By William Trout, Director of Internal Communications, BBVA Compass
External communicators, be they PR, IR or media relations pros, rely on relatively established and transparent criteria to measure their effectiveness. Communicators tracking internally face a hazier landscape but still need to document their impact on the health of their organizations.
When it comes to measuring effectiveness of corporate messaging and effect on employees, there is no substitute for a well-crafted survey. The following are six criteria that you should focus on when “taking the pulse” internally:
1. Message recall: Take three or four key messages you’ve shared over the last thirty days and ask employees if they remember them. Keep your questions channel-agnostic: it doesn’t matter so much where (on the Intranet, via an e-zine) employees have encountered the messages as much as whether they recall them. At BBVA Compass, message recall levels have tended to range from 90% (on “information on company charitable efforts”) to 60% (concerning the statement that “BBVA Compass is different from other banks”).
2. Message credibility: Effectiveness is even more about credibility than recall. Do employees buy what you are telling them? Be aware how specific actions can translate to employee responses: during recent austerity efforts, only 6 out of 10 BBVA Compass employees said they agreed that the company was ‘committed to its employees.’ Recently, agreement with messages around differentiation (the demonstration of which is a major challenge for all banks) has also trended lower, telling us we need to do a better job showing our employees just how we are different from all the other banks out there.
3. Line of sight: The degree to which employees understand organizational vision and strategy and apply it to their job function is a primary driver of discretionary effort. Drill down to measure line-of-sight by department as well as in relation to the larger organization. Then ask if employees feel they have the resources to deliver on the vision. The results may surprise you. At BBVA Compass, high levels of line of sight suggested we were doing our job in terms of helping employees understand their contributions to key goals. But 70% ratings on the resource question suggested we still had work to do in terms of giving employees the tools to deliver on those objectives.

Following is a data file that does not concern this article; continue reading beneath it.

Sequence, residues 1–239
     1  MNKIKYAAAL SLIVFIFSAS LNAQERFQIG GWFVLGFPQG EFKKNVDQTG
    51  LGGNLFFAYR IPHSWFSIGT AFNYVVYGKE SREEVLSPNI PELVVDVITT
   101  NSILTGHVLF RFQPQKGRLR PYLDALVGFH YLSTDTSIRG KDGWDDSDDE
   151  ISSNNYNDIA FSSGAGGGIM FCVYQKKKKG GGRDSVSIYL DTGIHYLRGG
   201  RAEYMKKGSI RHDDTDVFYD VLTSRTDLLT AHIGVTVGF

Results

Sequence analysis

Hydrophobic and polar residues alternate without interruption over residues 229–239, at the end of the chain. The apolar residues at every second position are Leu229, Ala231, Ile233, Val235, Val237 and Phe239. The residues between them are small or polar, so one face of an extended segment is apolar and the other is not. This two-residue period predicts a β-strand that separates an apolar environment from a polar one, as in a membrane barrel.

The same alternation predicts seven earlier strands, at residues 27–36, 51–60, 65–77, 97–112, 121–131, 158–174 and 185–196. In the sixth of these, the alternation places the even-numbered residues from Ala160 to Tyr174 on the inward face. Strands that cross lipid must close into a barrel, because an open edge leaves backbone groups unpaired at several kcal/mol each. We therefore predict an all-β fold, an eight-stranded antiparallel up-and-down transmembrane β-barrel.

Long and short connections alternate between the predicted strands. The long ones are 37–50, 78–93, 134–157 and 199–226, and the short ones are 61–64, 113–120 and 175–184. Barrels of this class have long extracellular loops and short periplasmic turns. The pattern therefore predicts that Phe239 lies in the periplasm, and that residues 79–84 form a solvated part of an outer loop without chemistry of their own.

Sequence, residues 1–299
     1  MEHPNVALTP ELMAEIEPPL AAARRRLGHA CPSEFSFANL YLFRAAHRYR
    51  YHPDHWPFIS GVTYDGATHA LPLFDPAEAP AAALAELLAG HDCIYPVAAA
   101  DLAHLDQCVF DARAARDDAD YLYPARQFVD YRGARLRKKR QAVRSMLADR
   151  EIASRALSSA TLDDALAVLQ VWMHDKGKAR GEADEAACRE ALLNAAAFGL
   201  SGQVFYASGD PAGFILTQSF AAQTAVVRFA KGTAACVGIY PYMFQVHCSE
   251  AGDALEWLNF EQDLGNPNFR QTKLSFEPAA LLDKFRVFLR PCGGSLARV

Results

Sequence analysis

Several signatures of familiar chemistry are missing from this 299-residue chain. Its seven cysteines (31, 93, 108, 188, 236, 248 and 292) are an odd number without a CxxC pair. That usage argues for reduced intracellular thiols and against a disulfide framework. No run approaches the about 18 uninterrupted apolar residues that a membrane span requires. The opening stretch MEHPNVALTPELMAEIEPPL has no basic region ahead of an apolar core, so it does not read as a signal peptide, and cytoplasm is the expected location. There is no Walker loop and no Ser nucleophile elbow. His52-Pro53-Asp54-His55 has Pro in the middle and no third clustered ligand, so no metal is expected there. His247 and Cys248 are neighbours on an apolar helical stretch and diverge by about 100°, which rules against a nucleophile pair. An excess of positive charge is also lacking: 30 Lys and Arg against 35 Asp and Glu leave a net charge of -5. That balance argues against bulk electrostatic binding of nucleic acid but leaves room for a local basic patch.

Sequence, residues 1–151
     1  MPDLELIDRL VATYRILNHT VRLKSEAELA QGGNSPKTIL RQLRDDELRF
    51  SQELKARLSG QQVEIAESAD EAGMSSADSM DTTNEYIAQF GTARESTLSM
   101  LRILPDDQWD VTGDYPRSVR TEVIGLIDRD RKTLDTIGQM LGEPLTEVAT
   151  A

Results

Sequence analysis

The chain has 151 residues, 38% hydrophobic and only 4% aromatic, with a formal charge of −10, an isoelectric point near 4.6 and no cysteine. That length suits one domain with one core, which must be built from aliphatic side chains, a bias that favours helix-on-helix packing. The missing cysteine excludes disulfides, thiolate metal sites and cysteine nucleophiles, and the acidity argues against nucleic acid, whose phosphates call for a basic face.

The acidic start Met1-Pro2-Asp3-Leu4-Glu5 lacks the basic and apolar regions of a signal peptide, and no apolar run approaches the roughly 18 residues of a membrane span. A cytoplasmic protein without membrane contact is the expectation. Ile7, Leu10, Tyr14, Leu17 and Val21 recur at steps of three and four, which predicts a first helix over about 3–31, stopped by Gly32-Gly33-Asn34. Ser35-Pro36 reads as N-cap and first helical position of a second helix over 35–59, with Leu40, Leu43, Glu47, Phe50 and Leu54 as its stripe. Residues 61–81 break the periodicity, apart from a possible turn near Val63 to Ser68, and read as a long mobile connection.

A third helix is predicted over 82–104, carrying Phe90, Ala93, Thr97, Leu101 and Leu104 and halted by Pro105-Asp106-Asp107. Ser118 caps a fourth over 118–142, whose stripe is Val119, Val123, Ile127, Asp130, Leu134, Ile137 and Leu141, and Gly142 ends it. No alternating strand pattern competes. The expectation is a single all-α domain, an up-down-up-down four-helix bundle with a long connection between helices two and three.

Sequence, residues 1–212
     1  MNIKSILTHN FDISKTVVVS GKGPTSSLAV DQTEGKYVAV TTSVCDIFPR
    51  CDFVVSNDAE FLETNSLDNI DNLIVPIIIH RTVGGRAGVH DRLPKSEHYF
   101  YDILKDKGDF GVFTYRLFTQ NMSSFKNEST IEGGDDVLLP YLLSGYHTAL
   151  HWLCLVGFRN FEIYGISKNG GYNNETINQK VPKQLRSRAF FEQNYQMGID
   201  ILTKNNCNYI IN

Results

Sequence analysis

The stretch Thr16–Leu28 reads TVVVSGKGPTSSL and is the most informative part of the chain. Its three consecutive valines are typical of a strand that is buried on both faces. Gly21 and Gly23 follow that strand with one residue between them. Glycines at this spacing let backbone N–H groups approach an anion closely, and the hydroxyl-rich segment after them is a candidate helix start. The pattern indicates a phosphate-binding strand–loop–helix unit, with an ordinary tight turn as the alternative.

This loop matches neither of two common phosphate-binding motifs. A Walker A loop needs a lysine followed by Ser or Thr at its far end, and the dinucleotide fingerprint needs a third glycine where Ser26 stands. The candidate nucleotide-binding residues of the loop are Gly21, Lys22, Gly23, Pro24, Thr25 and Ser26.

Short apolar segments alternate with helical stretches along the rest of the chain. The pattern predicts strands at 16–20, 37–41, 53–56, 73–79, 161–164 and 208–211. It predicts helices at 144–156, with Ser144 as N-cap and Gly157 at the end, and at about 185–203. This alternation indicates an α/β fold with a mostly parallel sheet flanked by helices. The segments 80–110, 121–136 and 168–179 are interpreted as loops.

4. Managers as communicators: Effective internal communications balances the use of mass channels such as the Intranet with face-to-face dialogue. Probe levels of employee satisfaction with communication received from direct managers and from senior management. You will come away with a better general understanding of managerial communications challenges as well as specific nuggets you can use to fine-tune your strategies. Our surveys have shown time and time again that employees prefer their immediate managers to provide them with information on their role in supporting bank strategy. Interestingly, employees far prefer to learn about the direction of bank strategy generally from mass channels such as the Intranet, suggesting they feel their managers may not be in a position to know about that strategy in the first place.
5. Employee connection: Have employees rate on a scale of 1 to 10 their enthusiasm and sense of connection with the strategic path of the organization. In our case, we’ve found that back-office personnel feel more connected than front-line staff. This could suggest that those on the front-line (for the most part, tellers) feel they don’t have the tools to do their jobs. Or it could reflect the fact that tellers tend to have lower grade levels and higher levels of turnover, and not surprisingly, don’t feel very connected.
6. Employees as champions of the organization: How frequently, if ever, do employees speak positively about the company to friends and family? Word of mouth is the most effective form of “advertising”, particularly in the age of social media, and we can’t expect our customers to refer us if we aren’t talking about our bank ourselves.
Focusing on these six criteria will help provide you with a lot of valuable data. You’ll be able to assess the effectiveness of your existing approach to organizational communications and identify opportunities for improved message delivery, the significance of which goes beyond internal communications.
That’s because at the end of the day, you’ll have your finger on the pulse of employee sentiment as it relates to key organizational issues. Share these results with senior management and plan to track this data over time. You’ll know you’re making a difference, and those at the top of the house will know it, too.
As the Houston-based director of internal communications for BBVA Compass, a top 15 U.S. bank, William seeks to inform, energize and empower employees in support of the bank’s business goals and vision. Prior to joining Compass in 2002, William worked for a boutique financial advisory firm focusing on investments in Latin America as well as a consultant on government-sponsored development projects in Eastern Europe and Russia. His professional interests range from marketing communications to employee engagement to stakeholder outreach.